Humility begins be dethroning our addiction to self and recognizing our true humanity. Without humility, we live with a false sense that we are at the center of the universe. We detach ourselves from our humanity and we set ourselves up as something we are not. In their book, A Leader’s Legacy, authors Jim Kouzes and Barry Posner make a powerful observation about humility’s ability to reveal our humanity.
“The words human and humble share a common origin. They both come from the Latin humus, meaning earth. To be human and humble is to be down-to-earth, both feet planted firmly on the ground. Interesting, isn’t it, how as people climb the ranks in organizations they also climb to a higher floor in the building, getting farther and farther away from the ground? It gets harder and harder to remain humble the higher up you go.”
Wilbur Wright, famous for the invention of the airplane, seemed to understand the power of humility. Five years after it’s invention, Wilbur headed to France in 1908 to try to stir up interest. He stored his flying machine at an automobile manufacturing plant. But when his fame shot through the roof nearly overnight after successful test flights in France, Wilbur seemed to keep a level head. He didn’t view himself as any better than the other workman. He arrived to work on time, dressed in overalls, and ate lunch with the other men. He didn’t leave early and he didn’t abuse his influence. Though he conquered the sky, he refused to be conquered by his ego. And that attitude was attractive to the people around him.
So if humility is so attractive to others, why do we resist humility in our own lives? Perhaps it’s because we’re afraid that we, and our accomplishments, will be overlooked. Maybe we’re afraid that we won’t get the favor, the promotion, or the new opportunity, but instead, somebody else will. Therein lies the difference between pride and humility:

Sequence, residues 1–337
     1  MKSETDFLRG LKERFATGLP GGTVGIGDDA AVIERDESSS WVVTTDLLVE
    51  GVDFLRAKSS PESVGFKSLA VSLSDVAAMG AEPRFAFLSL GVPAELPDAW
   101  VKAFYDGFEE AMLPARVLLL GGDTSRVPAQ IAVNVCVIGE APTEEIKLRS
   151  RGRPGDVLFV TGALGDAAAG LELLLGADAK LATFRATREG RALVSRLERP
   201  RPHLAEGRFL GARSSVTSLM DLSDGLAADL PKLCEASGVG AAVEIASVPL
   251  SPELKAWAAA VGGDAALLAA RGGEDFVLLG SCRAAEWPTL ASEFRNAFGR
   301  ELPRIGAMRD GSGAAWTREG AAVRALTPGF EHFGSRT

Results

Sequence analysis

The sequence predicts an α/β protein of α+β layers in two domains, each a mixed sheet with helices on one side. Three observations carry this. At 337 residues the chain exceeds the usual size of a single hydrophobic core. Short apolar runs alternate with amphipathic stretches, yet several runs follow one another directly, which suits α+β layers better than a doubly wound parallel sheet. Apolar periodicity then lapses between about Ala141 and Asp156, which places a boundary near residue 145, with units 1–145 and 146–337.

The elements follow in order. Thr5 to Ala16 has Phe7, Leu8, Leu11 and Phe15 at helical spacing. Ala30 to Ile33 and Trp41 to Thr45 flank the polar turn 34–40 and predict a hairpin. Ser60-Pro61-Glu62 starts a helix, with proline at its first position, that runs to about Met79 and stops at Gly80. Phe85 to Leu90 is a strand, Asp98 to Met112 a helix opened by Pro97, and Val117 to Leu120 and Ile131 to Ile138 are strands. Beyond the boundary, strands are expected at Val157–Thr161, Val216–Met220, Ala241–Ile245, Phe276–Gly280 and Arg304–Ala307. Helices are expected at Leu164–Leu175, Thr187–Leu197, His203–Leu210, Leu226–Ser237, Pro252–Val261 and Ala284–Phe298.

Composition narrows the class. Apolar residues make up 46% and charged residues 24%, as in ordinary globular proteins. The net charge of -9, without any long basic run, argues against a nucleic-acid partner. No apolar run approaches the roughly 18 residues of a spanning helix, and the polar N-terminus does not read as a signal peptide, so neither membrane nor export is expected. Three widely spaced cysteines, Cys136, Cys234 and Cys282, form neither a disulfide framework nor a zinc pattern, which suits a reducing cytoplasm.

Pride is man’s path to pursue favor. Humility is God’s path to give it to you.
James 4:6 says, “…God opposes the proud but shows favor to the humble.” The prophet Isaiah said, “These are the ones I look on with favor: those who are humble and contrite in spirit, and who tremble at my word” (Isaiah 66:2b). And Proverbs 16:18 says, “Pride goes before destruction, and haughtiness before a fall.” Author C.J. Mahaney brings the point home clear: “This is the promise of humility. God is personally and providentially supportive of the humble.”
Interestingly, Jesus didn’t stop with the guests in his parable. He then turned his attention to the host of the party and said:
“When you put on a luncheon or a banquet,” he said, “don’t invite your friends, brothers, relatives, and rich neighbors. For they will invite you back, and that will be your only reward. Instead, invite the poor, the crippled, the lame, and the blind. Then at the resurrection of the righteous, God will reward you for inviting those who could not repay you.” (Luke 14:12-14)
Jesus didn’t stop with instructions to dethrone the attitude of self-promotion. He took things a step further and drives home a second point:
Humility is embracing the action of selfless serving